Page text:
Lecithin has been an important part of the manufacturing industry, especially instant food products and pharmaceuticals. It is also added to most protein powders and supplements.
Whether lecithin itself is a protein or contains it in any capacity is a huge question. As per its chemical structure, lecithin’s primary objective is to act as an emulsifying agent, the confusion about it being linked to protein is valid.
This post is specifically focused on answering similar queries putting the confusion to rest, once and for all.
Since lecithin is acquired from eggs, peanuts, sunflower, soya, canola, and meat, all prominent sources of protein, lecithin, itself, is considered one isn’t a surprise. While lecithin itself isn't a protein, the biomolecule is a component within lecithin’s structure.
In fact, its emulsification properties work so well because protein is a part of its structure.
Lecithin is a complex ingredient. It cannot be categorized into a single group as it contains various fatty acids and different types of glycerides—a dense mixture of chemically charged fats.
Its high content of phospholipids is also often a reason why lecithin is mistaken as a protein. Phospholipids are just a group of fats that contain phosphorus.
The stability of the emulsion is the potential of a mixture for resisting any transition within its physicochemical properties in a given time period. Manufacturers assess the stability of emulsion to determine the durability and flexibility of the final product. The process is similar for every industry.
The stability of the emulsion depends on some key factors like particle size continuity phases, particle size distribution density, and chemical integrity between dispersed particles.
While most products and methods require constant assessment of the stability of the emulsion, manufacturing certain products doesn’t require it at all. Because with these products different techniques are constantly being implemented to cause immediate emulsion breakdown.
Protein, on the other hand, is responsible for minimizing surface tension and increasing the stability between two insoluble substances. Thus it is called a stabilizer. The presence of protein in lecithin makes it a natural surfactant and holds an influence on organic and environmentally friendly products.
Depending on the source lecithin is extracted from and the form it is used in, the phase separation and interfacial behaviour differ. The same thing was concluded through a recent experiment conducted using lecithin from different sources, namely: egg yolk, crude egg, and soybean. In the experiment, the behaviour of lecithin was observed by analyzing the phosphatidylcholine ratio.
There were three primary phases of assessment with two parts acidic and one part neutral pH level. The effects are shared below:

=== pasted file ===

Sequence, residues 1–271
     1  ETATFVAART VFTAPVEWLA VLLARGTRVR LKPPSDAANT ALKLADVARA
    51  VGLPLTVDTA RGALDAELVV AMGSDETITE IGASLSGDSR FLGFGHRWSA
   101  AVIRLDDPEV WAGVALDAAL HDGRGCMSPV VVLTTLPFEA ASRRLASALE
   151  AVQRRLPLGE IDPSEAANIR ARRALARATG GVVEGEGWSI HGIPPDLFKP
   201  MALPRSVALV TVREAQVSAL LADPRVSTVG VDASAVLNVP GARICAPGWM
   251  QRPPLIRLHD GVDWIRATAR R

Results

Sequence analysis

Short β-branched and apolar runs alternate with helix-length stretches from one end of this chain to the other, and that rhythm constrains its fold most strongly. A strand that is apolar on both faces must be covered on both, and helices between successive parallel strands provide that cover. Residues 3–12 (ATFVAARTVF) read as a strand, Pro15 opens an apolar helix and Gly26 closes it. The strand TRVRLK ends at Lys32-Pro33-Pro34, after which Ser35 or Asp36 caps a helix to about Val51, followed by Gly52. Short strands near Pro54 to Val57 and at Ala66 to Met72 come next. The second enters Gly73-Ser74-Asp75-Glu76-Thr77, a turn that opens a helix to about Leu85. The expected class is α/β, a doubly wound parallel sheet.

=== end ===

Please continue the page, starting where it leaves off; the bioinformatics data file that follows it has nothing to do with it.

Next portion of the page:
The effect on the PC from egg yolk at a neutral pH level showed an increase in the emulsion stability achieved through protein. The egg yolk lecithin had an average particle size which gave it more stability in keeping oil and water combined for longer. While in acidic pH, the densely packed films with oil droplets surrounded the surface.
That is why most manufacturers dissolve egg yolk lecithin with oil-based components as it provides increased stability in emulsion thanks to the higher protein ratio.
The effects of crude egg lecithin were more diverse than egg yolk lecithin. At neutral pH, a slight decrease in interfacial tension was observed as crude eggs have a higher ratio of protein presence. The acidic stage displayed the separation of oil and water, causing an increase in creaming.
Crude egg lecithin has a weakened layer of protein which can be visibly detected in the form of separation. This separation can have an adverse effect on the stability of the emulsion in the middle of the manufacturing process.
The third candidate in the experiment was soybean lecithin. It was also assessed for neutral and acidic pH. The results showed that with both neutral and acidic pH soybean lecithin evidently sustained and lowered the surface tension between oil and water. Over time, it helped create a more homogenous mixture as it contained just the right balance of protein presence. That’s one of the reasons soybean lecithin is so widely used.
The experiment concluded that any lecithin with reduced protein has a better chance of reducing interfacial tensions while improving the stability of the emulsion. Whereas, the higher protein ratio has an inverse effect on the stability of the final product.
To conclude and put the confusion to rest, lecithin isn't a protein. However, protein is a major component of lecithin that boosts its functionality and execution of emulsification.
The presence of protein in lecithin has a severe impact on the stability of the emulsion, provided the ratio of protein is according to the product being manufactured.
LECITEIN carries plant-based lecithin, including soy lecithin and sunflower lecithin as well as proteins from various sources to help manufacturers achieve perfect emulsion. To check out the list of our complete offerings see the products section on our website. Or you can directly reach out to us with your queries.